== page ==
In the Brine-Spiked Air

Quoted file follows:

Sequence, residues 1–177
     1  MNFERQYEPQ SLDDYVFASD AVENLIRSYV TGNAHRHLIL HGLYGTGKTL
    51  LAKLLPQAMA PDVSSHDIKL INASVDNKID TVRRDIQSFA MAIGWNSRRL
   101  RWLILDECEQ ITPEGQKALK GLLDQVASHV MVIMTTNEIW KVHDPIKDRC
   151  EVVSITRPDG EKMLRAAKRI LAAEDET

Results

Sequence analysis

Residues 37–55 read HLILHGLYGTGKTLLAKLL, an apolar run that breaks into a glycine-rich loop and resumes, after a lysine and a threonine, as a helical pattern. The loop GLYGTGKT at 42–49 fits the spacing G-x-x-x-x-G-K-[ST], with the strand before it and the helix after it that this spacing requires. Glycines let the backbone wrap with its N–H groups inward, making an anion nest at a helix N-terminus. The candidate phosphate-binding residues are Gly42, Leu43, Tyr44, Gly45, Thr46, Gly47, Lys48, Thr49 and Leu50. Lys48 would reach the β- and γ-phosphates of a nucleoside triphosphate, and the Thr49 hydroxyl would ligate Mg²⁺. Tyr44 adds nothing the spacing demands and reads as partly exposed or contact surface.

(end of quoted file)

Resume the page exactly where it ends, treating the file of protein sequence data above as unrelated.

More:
Photo by Mike Crane Let’s jump into the car, honey, and head straight for the Cape, where the cock on our housetop crows that the weather’s fair, and my garden waits for me to coax it into bloom.- Stanley Kunitz, from “Route 6” Roughly seven-and-a-half months prior to his death on March 14, 2006, renowned poet Stanley Kunitz celebrated his 100th birthday in one of his favorite places on earth: Provincetown. As part of his centennial, he told Michelle Norris on National Public Radio, “I don’t want to talk about my health or longevity or whatnot. I think everybody knows I’m not a youngster, and that’s all right with me.” Then he proceeded to read the following poem, entitled “The Long Boat,” which he said, “alludes to the longboat of the ancient Vikings, on which the body of a fallen hero was pushed out into the open sea for an eternity of drifting.” Clearly aware of his own impending mortality, the former poet laureate and Pulitzer Prize winner’s lyric seemed to superimpose ancient Norse tradition upon the environs of Race Point as he read: “When his boat snapped loose from its mooring under the screeching of the gulls, he tried at first to wave to his dear ones onshore. But in the rolling fog, they had already lost their faces. Too tired even to choose between jumping and calling, somehow he felt absolved and free of his burdens, those mottos stamped on his name tag, conscience and vision and all that caring. He was content to lie down with the family ghosts in the slop of his cradle, buffeted by the storm, endlessly drifting. Peace. Peace: to be rocked by the infinite, as if it didn’t matter which way was home, as if he didn’t know he loved the Earth so…
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